If you’re not there yet, it’s a good idea to focus on getting as many live gigs under your belt as possible. Try out pubs and open mic nights to begin with. Then, work your way up to small music venues. You could also try hosting your own mini music festival to give yourself and other local talent a chance to perform in front of a live audience. 

a person playing a guitar on a stage

🤝 There’s no such thing as too much networking

Being active in your local music scene is one of the best ways to make yourself known. It’s all about putting yourself in the forefront of people’s minds, and hopefully staying there! Focus on networking with talent bookers, other musicians and local promoters as much as you can – both online and offline. 

If you meet someone in the industry in person, make sure you follow them on social media and drop them a message to say it was great to meet them. Try experimenting with collaborations too, whether that’s through putting on a local night with a promoter or working with another musician. The more you network with people in-the-know, the more likely a festival art director is to have heard of you by the time they get your application.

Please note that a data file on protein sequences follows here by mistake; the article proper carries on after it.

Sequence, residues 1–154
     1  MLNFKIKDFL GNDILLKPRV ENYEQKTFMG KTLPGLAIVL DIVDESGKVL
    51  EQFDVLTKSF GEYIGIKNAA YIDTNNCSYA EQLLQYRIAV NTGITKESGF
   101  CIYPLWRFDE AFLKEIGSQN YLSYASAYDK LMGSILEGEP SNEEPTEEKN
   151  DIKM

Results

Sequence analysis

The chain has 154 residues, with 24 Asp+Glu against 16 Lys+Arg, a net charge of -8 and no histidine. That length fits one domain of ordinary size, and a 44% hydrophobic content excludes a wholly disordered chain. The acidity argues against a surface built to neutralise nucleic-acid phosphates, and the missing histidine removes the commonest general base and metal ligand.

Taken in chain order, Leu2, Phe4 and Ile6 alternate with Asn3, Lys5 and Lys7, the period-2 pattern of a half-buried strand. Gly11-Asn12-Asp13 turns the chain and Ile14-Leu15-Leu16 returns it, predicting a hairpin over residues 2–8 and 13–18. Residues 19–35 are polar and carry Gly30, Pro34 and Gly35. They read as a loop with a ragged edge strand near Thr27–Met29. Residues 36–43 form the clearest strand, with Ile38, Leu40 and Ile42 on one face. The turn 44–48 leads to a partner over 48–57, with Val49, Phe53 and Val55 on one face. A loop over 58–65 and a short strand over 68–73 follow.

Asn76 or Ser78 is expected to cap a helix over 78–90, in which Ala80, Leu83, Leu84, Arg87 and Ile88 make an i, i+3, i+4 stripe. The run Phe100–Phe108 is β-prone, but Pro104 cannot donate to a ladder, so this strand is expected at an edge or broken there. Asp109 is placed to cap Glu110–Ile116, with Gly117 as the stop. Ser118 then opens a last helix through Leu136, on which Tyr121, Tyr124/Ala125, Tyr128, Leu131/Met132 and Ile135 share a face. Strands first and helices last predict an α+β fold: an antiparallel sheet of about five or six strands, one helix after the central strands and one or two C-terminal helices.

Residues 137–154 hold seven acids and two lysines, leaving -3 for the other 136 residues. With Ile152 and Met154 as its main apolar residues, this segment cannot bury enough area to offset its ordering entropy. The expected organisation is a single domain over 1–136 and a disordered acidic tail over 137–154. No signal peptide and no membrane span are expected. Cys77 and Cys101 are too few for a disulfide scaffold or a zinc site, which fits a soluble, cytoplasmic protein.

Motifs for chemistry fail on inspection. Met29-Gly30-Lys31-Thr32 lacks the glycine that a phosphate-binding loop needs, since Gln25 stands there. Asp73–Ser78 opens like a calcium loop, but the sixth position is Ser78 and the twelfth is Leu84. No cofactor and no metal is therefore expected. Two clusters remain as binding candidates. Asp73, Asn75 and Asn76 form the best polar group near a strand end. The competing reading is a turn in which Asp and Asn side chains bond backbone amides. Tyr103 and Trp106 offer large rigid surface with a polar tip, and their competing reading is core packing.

🕵️ It’s important to do plenty of research 

To make sure you’re only applying to festivals you genuinely have a chance of getting booked at, it’s important to do plenty of research before you get started.

Try looking into festivals where artists similar to you have played. Then look into the acts themselves – are they represented by an indie or major label (or even unrepresented)? Do they have a lot of good press? What’s their online presence like? Gathering this information will give you an idea of how likely it is that the festival might book you. If it looks really unlikely, you might be better off spending your time applying elsewhere. 

📸 You’ll need a brilliant press kit